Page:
First Choice Power calls for delay in Texas market opening

Citing numerous problems, Texas electricity retailer First Choice Power Inc. Thursday called for a delay of the January 2002 opening of the market, if certain milestones aren’t achieved.

First Choice said serious deficiencies with customer billing, switching, inaccurate wholesale bills for power, and services from the Texas independent system operator have to be corrected before the market opens. The marketer asked for a delay until the success rate in these areas are maintained “at a 98% to 100% level for at least 60 days,” or an entire cycle through the settlement process is completed.

“These problems are of such magnitude that they would vastly undermine any benefits of competition if they were to occur in a fully open market,” First Choice said in a filing at the Public Utility Commission of Texas.

Some of the most egregious problems still unresolved include incorrect and late billing for customers that chose First Choice, a unit of Texas New Mexico Power Co, for electricity service during the pilot program now in progress. Electric Reliability Council of Texas officials said these issues will be “shaken out” before full competition is implemented.

“We are not going to delay the opening of the market, because I have every confidence that all systems will be ready,” said Tom Noel, CEO of ERCOT.

Despite these claims that ERCOT will have corrected the problems, First Choice documented its problems with switching customers. As of Sept. 28, First Choice requested switches for 2,687 customers. But First Choice reported it didn’t receive key data until Oct. 5 for 453 of those customers.

The data is required to help the company estimate customer usage so the correct amount of power can be purchased and scheduled. First Choice said it received initial meter reads for 339 of its customers.

From that set of customers, First Choice received monthly meter read data for 202 customers. As a result, First Choice cannot accurately bill the rest of its customers.

“As a result of the ERCOT system problems discussed above, First Choice expects to encounter significant dissatisfaction from the approximate 500 customers as of Oct. 5 that should have been billed, but have not due to lack of timely data,” the company said.

First Choice also determined the incumbent utility was still buying power for the same 339 customers who had switched to First Choice. The retailer said the double accounting creates more demand for power than the system requires.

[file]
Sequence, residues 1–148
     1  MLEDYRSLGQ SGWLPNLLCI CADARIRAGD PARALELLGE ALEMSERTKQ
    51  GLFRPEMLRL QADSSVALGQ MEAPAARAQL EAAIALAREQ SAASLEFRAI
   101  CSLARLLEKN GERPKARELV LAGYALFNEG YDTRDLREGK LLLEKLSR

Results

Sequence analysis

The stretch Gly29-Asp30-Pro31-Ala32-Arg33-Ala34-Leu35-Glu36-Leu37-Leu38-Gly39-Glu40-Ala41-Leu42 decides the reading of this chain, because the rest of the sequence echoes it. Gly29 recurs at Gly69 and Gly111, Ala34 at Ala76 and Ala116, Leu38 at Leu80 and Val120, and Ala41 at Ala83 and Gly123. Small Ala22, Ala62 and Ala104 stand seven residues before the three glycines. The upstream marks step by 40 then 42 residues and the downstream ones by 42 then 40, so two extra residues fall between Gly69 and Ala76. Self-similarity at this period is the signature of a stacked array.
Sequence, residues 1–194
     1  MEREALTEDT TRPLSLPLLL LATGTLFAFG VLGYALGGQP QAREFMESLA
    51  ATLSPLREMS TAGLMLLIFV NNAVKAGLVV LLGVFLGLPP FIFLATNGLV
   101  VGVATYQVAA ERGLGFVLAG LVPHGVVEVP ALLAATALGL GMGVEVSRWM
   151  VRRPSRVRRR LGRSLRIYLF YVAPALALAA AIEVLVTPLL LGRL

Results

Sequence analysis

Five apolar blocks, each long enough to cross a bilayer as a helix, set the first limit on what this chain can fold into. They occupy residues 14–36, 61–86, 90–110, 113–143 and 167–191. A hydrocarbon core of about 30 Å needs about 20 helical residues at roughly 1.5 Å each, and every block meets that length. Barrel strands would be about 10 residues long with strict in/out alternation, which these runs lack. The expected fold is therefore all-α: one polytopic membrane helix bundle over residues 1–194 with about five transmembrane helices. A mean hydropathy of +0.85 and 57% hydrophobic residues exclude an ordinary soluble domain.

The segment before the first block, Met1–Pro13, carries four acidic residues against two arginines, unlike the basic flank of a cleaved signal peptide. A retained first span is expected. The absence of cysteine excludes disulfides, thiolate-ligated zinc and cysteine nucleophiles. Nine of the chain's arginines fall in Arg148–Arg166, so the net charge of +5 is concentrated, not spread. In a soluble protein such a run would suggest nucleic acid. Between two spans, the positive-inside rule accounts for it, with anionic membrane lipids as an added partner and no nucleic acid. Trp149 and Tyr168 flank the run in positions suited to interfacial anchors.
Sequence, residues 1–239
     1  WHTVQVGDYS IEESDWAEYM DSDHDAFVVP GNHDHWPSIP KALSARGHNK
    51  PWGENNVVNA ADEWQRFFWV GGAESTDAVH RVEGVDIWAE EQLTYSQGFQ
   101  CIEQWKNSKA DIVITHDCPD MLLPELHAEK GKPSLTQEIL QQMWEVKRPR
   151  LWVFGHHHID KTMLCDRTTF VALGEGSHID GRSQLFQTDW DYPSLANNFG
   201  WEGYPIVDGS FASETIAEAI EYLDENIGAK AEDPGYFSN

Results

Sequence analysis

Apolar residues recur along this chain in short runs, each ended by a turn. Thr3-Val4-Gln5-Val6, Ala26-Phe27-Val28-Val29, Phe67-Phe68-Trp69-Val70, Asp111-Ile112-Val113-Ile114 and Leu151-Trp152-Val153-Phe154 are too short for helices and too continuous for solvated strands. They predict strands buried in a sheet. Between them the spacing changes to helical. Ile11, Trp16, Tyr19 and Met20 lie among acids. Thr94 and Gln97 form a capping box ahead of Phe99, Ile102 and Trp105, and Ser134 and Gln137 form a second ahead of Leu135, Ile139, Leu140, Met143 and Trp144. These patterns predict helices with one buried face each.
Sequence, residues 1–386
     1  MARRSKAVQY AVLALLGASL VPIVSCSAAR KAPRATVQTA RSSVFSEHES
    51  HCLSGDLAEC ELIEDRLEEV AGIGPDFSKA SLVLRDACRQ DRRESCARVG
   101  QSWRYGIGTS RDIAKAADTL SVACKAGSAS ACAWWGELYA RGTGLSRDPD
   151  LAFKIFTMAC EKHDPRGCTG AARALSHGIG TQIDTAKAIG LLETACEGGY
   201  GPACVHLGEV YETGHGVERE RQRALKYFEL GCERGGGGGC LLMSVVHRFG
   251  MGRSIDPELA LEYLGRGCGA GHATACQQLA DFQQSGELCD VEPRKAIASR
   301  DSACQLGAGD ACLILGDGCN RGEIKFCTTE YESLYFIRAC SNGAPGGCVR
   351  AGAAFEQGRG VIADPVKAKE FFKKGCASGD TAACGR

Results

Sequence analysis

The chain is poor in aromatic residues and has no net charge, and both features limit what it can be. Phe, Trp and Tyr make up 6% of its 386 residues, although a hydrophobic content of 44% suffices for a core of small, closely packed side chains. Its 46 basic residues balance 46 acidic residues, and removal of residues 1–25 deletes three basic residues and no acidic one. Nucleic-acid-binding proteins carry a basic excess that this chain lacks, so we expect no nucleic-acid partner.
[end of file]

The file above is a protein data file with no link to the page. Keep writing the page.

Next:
“This situation creates a higher level of load and resource imbalance in the marketplace, creates problems with the settlement process, and in some cases can contribute to congestion,” First Choice said in its filing.

High congestion charges, the cost of moving more power than a limited transmission system can accommodate, top the list of complaints of many market participants. They say congestion charges are considerably higher than what was originally anticipated.

These charges are reflected in ERCOT bills under Balancing Energy Neutrality Adjustment (BENA). The BENA charges for August approached $100 million systemwide, one market participant said. Individual company charges varied dramatically.

“Some of the charges have been large enough to bankrupt a small company,” said First Choice. Texas New Mexico Power Co. received a BENA charge of close to $500,000 for Aug. 14. That charge was later reduced to $289,625, according to the filing.

Noel said the problem of BENA was essentially resolved. “BENA has been inconsequential since the first of September,” he said. He admitted the charges were “very high” for August when demand for power was high.

“BENA shows that the market is working quite well. They are creating congestion by trying to move low cost power across constrained lines,” he said.

Reliant Resources Inc., the unregulated retailer of Reliant Energy Inc., also complained in a filing about switching and billing problems but did not say whether the market opening should be delayed or not.

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